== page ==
Study Title and Description
Caffeine challenge test in panic disorder and depression with panic attacks.
Key Questions Addressed
|1||For [population], is caffeine intake above [exposure dose], compared to intakes [exposure dose] or less, associated with adverse effects on behavior*?|
Primary Publication Information
|Title||Caffeine challenge test in panic disorder and depression with panic attacks.|
|Author||AE Nardi,FL Lopes,AM Valença,RC Freire,AB Veras,VL de-Melo-Neto,I Nascimento,AL King,MA Mezzasalma,GL Soares-Filho,WA Zin,|
Secondary Publication Information
There are currently no secondary publications defined for this study.
Extraction Form: Behavior - Design Details - INCLUDED Studies
No arms have been defined in this extraction form.
|Question... Follow Up||Answer||Follow-up Answer|
|What outcome is being evaluated in this paper?||Behavior|
|What is the objective of the study (as reported by the authors)?||Our aim was to observe if patients with PD and patients with major depression with panic attacks (MDP) (Diagnostic and Statistical Manual of Mental Disorders, Fourth Edition [DSM-IV] criteria) respond in a similar way to the induction of panic attacks by a caffeine challenge test. We also decided to try to discriminate patients with panic attack (PD and MDP) from patients with MD, as these groups might have some differences—physiological or psychopathologic—in relation to the anxiety response level to the caffeine challenge test.|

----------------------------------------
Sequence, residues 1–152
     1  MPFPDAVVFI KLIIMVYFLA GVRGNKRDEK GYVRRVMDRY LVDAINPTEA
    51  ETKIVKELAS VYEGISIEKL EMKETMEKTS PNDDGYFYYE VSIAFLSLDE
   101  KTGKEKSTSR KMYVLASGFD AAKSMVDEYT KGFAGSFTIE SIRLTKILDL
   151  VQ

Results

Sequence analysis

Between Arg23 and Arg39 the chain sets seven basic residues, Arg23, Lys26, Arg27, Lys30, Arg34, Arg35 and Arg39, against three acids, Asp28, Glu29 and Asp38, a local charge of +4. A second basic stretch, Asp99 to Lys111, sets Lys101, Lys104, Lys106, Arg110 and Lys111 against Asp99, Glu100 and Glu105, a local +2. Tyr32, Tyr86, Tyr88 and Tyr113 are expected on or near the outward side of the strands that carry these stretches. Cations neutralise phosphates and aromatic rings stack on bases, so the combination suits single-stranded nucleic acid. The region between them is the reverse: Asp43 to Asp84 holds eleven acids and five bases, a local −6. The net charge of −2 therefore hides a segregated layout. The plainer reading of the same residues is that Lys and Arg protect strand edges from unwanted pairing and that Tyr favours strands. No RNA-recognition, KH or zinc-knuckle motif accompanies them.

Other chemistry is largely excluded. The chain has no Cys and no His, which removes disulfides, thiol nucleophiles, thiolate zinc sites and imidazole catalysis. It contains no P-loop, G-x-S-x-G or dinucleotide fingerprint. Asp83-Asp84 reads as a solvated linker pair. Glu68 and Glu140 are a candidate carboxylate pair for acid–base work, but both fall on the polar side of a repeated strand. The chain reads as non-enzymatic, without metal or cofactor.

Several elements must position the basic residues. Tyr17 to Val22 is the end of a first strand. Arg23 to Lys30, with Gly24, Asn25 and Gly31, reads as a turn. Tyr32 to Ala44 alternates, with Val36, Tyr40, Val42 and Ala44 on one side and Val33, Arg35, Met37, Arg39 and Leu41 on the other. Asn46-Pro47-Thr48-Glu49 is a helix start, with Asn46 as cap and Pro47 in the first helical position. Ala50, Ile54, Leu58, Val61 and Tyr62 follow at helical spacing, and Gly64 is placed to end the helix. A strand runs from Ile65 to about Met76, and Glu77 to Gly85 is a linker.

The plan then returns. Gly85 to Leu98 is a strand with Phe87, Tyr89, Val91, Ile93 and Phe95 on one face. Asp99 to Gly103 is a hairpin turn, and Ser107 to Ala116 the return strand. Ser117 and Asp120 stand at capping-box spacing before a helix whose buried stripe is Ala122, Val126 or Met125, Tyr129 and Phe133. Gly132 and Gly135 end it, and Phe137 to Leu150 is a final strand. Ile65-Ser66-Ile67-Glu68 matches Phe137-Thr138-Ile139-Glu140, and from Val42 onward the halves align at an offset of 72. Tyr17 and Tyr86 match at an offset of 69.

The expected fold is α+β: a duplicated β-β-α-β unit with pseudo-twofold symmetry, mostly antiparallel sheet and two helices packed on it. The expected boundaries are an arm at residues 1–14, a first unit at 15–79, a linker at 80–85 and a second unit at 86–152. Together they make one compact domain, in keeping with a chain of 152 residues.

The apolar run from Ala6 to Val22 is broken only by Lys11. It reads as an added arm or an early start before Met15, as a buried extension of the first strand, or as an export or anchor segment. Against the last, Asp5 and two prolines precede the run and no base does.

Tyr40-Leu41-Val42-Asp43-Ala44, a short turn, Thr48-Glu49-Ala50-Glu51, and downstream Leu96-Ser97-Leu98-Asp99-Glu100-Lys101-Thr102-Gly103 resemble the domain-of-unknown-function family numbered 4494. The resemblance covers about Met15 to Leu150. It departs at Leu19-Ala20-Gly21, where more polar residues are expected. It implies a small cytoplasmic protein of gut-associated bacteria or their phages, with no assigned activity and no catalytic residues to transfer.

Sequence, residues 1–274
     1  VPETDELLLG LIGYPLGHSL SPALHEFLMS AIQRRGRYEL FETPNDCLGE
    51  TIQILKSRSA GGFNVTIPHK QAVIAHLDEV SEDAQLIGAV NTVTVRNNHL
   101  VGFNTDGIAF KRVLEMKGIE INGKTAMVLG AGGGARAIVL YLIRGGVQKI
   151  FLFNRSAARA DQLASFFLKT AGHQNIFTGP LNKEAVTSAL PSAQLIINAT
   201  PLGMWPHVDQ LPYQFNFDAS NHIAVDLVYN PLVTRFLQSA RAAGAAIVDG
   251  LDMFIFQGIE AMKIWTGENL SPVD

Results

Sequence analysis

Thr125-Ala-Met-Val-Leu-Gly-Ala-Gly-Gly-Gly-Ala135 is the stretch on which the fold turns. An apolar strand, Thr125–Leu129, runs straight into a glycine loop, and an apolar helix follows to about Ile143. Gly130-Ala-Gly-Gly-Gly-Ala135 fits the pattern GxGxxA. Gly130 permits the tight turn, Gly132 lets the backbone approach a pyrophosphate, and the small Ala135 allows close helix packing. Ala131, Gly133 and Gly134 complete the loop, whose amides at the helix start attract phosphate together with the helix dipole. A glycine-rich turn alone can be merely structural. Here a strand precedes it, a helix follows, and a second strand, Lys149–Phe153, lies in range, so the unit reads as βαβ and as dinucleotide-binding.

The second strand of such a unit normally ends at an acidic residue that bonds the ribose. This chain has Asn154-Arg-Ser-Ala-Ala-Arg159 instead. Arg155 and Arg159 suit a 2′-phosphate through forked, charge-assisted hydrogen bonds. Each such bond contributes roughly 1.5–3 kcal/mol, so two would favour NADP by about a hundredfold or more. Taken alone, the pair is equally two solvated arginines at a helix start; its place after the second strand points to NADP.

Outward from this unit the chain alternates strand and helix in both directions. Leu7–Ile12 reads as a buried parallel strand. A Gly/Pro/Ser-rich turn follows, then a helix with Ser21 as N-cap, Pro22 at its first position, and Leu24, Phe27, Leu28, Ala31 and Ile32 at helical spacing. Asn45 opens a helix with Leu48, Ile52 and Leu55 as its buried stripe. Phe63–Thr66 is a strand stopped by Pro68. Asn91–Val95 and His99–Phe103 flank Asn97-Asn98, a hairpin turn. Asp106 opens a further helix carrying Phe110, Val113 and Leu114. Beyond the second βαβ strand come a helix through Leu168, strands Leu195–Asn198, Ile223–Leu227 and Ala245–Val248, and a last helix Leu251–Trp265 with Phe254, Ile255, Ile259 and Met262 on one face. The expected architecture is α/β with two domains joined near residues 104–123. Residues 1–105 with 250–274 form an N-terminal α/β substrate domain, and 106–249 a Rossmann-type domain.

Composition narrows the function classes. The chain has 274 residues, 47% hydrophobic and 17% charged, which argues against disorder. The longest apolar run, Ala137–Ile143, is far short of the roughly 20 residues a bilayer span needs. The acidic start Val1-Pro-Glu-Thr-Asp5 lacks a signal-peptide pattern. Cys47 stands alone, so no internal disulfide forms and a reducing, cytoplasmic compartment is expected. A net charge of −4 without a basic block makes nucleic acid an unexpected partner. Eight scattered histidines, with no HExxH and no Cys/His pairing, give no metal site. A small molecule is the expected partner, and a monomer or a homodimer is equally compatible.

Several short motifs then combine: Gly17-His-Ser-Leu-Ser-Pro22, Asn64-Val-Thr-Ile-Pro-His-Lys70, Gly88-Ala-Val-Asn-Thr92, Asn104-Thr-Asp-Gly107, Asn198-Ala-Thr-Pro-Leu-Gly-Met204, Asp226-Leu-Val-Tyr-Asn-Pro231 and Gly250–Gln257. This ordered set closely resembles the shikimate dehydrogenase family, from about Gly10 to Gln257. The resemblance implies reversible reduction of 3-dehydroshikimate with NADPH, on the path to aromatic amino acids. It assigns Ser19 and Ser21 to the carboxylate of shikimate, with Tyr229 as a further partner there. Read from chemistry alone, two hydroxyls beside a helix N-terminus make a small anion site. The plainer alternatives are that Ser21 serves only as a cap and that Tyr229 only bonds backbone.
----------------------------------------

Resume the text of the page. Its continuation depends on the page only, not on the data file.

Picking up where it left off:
|Provide a general description of the methods as reported by the authors. Information should be extracted based on relevance to the SR (i.e., caffeine related methods)||We selected the patients for this trial from a sample of PD and MD patients in their first visit to our center. During the period of selection, all first-visit patients (n = 143) were examined to determine if they fulfilled the inclusion criteria. If so, they were invited to participate in our trial. All patients were medication-free upon presentation to our center. They had their disorder for more than 3 months but less than a year. They had no caffeine abuse and their mean usual intake of caffeine products was about 100 mg a day. This 24-hour intake did not induce any withdrawal symptoms for the prestudy 1-week caffeine-free period. A group of 28 subjects with no family history of anxiety or mood disorder (20 women and 8 men; mean age F SD, 35.2 F 8.8 years) was used for comparison. After having received a clinical diagnosis of PD, MD, or MDP made by a study psychiatrist, the subjects were interviewed by a second clinician with the Structured Clinical Interview Diagnostic (SCID)  for DSM-IV . The protocol was explained to the subjects, who signed a voluntary written consent form to participate in the study. The subjects were informed that they would be asked to drink different coffee solutions and that the procedure was not dangerous but that anxiety symptoms could occur during the session. Our local ethics committee approved the protocol, which complied with the principles of the Declaration of Helsinki. The inclusion criteria were age 18 to 55 years, occurrence of at least 3 panic attacks in the 2 weeks before the first challenge test day in PD and MDP patients, no use of any psychotropic drugs for at least 4 weeks by any subject, and a urine test negative for benzodiazepines and other medications before the test. Exclusion criteria were unstable medical condition, cognitive-behavior psychotherapy during the study, use of any regular antipsychotic, antidepressant, regular benzodiazepine or nonbenzodiazepine anxiolytic medication for 4 weeks, or fluoxetine for 5 weeks before the test, or the presence of suicidal risk. Smokers and subjects with a history of respiratory disease were excluded. The comparison group was also assessed by the SCID . They were free of any history of or current panic disorder, major mood disorder, schizophrenia, and current substance use disorders. They also had no family history of moderate to severe anxiety or mood disorders. All subjects underwent a physical and laboratory examination to ensure they were healthy enough to participate in the challenge test. They had no respiratory or cardiovascular abnormalities and were free of caffeine ingestion for 1 week. The test was conducted in the usual examination room, with no changes made in the environment. To measure the baseline anxiety level, before drinking the coffee, subjects were asked to complete the Subjective Units of Disturbance Scale (SUDS), a semiquantitative evaluation method with scores ranging from 0 (no anxiety) to 10 (maximum anxiety) , and the Diagnostic Symptom Questionnaire (DSQ)  adapted for DSM-IV in which the presence and level of discomfort of panic symptoms experienced after drinking the coffee solutions were rated on a 0 to 4 point scale (0 = none, 4 = very severe). Both self-rating scales, the SUDS and the DSQ, had been tested by back translation. The SUDS and DSQ were completed again 30 minutes after the coffee solution intake. The subjects completed them independently of the raters. On the basis of the DSQ, a panic attack was defined by objective raters as the following: (1) 4 or more symptoms of a panic attack from the DSM-IV (palpitations, sweating, trembling, smothering, feelings of choking, chest pain, abdominal distress, dizziness, derealization); (2) at least one of the cognitive symptoms of a panic attack from the DSM-IV (eg, fear of dying or of losing one’s sanity or control); (3) feeling of panic or fear, similar to spontaneous panic attacks, recorded on a card that the raters were not permitted to observe; and (4) agreement at clinical diagnosis evaluation between 2 diagnosis-blinded raters from the team during the test. We explained to the subjects what they were expected to do and they relaxed for an additional 10 minutes, after which we gave them the coffee solution. In a randomized double-blind experiment performed in 2 occasions 7 days apart, an oral dose of 480 mg of caffeine or a caffeine-free (placebo) solution were administered in the form of instant coffee, produced regularly by a commercial coffee company. The decaffeinated coffee contained a small amount of caffeine, as more than 97% of the caffeine is removed, resulting in less than 5 mg of caffeine intake. The source of caffeine used does not guarantee that the doses given in the challenges were exact. Most caffeine products (eg. caffeine citrate) are quite bitter. To deal with the caffeine-free drink (placebo) we used 2 tablets of a low-energy sweetener, sucralose (0.84 joules per tablet), in the caffeine and in the caffeine-free drinks. The patient was requested to drink the coffee solution within a period of 15 minutes, after which a 30-minute period followed to allow the caffeine to reach its peak levels in the blood . 2.1. Statistical analysis Panic rates for the 4 groups, also separated according to rater and subject ratings and by gender, were compared by the v2 test. Data concerning the effects of caffeine and time of observation were tested by 2-way analysis of variance (ANOVA) with repeated measures for time and independent groups for SUDS (before and after) and heart rate (before, 15 minutes and 30 minutes after). Pairwise comparisons of the treatment groups were performed at end point using Fisher protected least significant difference method. For identifying heart rate difference among groups, a 1-way ANOVA was used for time difference using Fisher protected least significant difference method. The level of significance was set at 5%.|